Former Proteas weigh in on the %$#@*&! sledging debate


Former Proteas weigh in on the %$#@*&! sledging debate

Let the players sort things out for themselves, they say


It is hardly surprising that there are strong opposing views on either side of the sledge fence.
Quinton de Kock and David Warner’s tête-à-tête in Durban has brought a part of the game deliberately cloaked in intrigue and often hearsay, into sharp focus. What “happens on the field, stays on the field” mantra is the frequently used cover. 
At its core sledging is the marked degeneration of what used to be lively banter.
Pointing out an opponent’s, almost exclusively a batsman’s, shortcomings is one way of keeping the fielding team entertained, with the proviso that such engagement is at least humorous.For former Proteas allrounder and coach Eric Simons the rules of engagement have changed. “I don’t know how players can be proud of themselves if you’ve just won a Test but it is partly due to the mental disintegration of the opposition,” said Simons.
“Sledging used to be much more fun, much more humorous. Sure, it was meant to unsettle somebody but the intention was to have fun. What concerns me is that it has become a strategic plan of teams to sledge and it is expected of young guys to get involved.
“You may have the odd situation where through the sheer heat of battle an incident would flare up but that is part and parcel of international sport.
“In the past you had certain players who sledged and those who didn’t. Those who did, didn’t expect others to be like them. Today, if you don’t sledge you don’t have the team at heart and you don’t have team spirit and you are not a hard man.
“It is almost like it has become part of team culture. It’s almost like breaking a team rule if you don’t,” said Simons.
Former Proteas’ quick Fanie de Villiers disagrees. Sledging, he argues, is now part of the sport’s lexicon. He believes sledging is a part of the game that shouldn’t just be tolerated, it should be encouraged.“I reckon players should be able to have a go at the each other without coming to blows. The guys who get sensitive when they get sledged probably know that there is a semblance of truth in what is being said.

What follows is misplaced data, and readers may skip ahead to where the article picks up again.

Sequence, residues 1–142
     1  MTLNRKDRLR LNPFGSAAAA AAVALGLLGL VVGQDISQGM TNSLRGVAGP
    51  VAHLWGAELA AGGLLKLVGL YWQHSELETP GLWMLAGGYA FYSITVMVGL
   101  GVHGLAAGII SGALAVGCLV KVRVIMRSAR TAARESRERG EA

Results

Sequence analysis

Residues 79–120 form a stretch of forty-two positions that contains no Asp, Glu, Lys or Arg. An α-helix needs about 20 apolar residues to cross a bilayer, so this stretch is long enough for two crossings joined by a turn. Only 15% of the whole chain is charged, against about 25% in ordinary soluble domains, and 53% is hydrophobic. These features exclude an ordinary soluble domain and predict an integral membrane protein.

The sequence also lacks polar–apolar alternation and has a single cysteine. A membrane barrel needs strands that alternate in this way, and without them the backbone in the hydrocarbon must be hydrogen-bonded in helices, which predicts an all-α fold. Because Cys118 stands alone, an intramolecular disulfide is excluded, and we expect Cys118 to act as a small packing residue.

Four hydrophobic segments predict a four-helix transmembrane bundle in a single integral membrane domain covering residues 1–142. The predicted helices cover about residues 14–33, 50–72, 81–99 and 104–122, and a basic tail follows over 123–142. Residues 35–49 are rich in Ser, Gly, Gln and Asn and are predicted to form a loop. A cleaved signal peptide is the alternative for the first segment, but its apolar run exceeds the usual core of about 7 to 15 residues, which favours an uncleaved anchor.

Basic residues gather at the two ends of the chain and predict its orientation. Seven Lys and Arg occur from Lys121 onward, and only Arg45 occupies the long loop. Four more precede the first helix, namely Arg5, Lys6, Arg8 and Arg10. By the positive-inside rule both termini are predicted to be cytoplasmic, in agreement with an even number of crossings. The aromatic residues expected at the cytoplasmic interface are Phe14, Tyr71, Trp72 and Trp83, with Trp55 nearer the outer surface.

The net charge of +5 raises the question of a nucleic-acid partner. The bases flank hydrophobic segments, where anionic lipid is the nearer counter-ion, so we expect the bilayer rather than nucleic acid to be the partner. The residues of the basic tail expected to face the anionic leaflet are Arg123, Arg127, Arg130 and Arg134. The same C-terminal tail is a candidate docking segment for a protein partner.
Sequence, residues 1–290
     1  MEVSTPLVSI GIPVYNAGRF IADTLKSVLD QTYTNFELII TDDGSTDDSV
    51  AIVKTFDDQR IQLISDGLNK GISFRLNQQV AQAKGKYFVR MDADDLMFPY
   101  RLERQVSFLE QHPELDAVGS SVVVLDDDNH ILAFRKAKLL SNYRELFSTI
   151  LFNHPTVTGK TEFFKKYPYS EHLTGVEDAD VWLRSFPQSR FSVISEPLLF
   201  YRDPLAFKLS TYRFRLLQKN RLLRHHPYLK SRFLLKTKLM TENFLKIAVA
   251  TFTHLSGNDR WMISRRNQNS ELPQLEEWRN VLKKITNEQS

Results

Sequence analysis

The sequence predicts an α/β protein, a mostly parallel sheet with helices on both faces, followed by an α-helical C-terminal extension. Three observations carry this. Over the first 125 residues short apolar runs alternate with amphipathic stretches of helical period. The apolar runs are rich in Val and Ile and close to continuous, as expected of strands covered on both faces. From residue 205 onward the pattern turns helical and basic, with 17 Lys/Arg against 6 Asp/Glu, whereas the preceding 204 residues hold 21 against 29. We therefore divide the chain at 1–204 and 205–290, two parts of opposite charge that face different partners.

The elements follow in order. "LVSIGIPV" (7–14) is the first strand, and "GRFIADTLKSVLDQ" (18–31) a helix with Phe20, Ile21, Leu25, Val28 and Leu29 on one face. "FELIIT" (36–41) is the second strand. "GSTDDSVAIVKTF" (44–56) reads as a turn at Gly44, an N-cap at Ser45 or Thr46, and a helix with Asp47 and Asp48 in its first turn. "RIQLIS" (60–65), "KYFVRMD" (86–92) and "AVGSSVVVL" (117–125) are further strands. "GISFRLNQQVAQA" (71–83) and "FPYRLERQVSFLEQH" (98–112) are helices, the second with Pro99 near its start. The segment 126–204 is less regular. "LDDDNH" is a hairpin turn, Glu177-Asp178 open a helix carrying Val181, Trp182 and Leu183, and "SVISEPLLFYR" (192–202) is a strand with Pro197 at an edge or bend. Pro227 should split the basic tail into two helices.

“If you put a lid on it I think it is detracting from the game’s marketability. Look at how soccer players behave towards the referee. It’s become part of the drama.”
De Villiers believes the sport needs needle to help keep it front of mind. He was after all, an agent provocateur himself. 
“I used to say to Mark Taylor that he is the most overrated captain Australia’s ever had and he used to then hit the ball in the air.” 
De Villiers recalled a Test in Adelaide in which the lines of what is acceptable got blurred. “I was sent in as night watchman to join Peter Kirsten and soon I was reminded of the size of my nose and forehead.
“I survived to stumps but in the dressing room I told Brian McMillan that he can expect hell. The next day he was also told about his nose and he got upset. He thought it was personal and Allan Donald copped some abuse too.
“Allan Border (the then Aussie captain) felt that if things didn’t get personal it can stay on the field.
“I don’t mind sledging but if you are going to get personal you must be prepared to sort things out.”
‘The biggest evil in the game are match referees’
Simons said some players handle sledging better than others. “In sport there are people who struggle under that kind of abuse. To win a game because you attacked that aspect of a player is nothing to be proud of.
“I recall in the late 2000s a player, who ended up playing a lot of international cricket, came back to Cape Town after he played in his first Test saying: ‘If that is what I’ve got to be like to be an international cricketer, then I don’t want to be one’.”
Neither Simons nor De Villiers want to see on-field banter outlawed. 
“The biggest evil in the game are match referees,” said De Villiers with typical candour. “They are a bunch of old men who are killjoys who try and justify their existence. Players should be able to sort these things out between each other. They are adults after all.”
Simons is a proponent of more diplomatic means.  
“I think what the game is crying out for is for some of the captains to stand up and say this is not the way we want to play the game and we will regulate it ourselves. I think the players should be regulating themselves.”   ​

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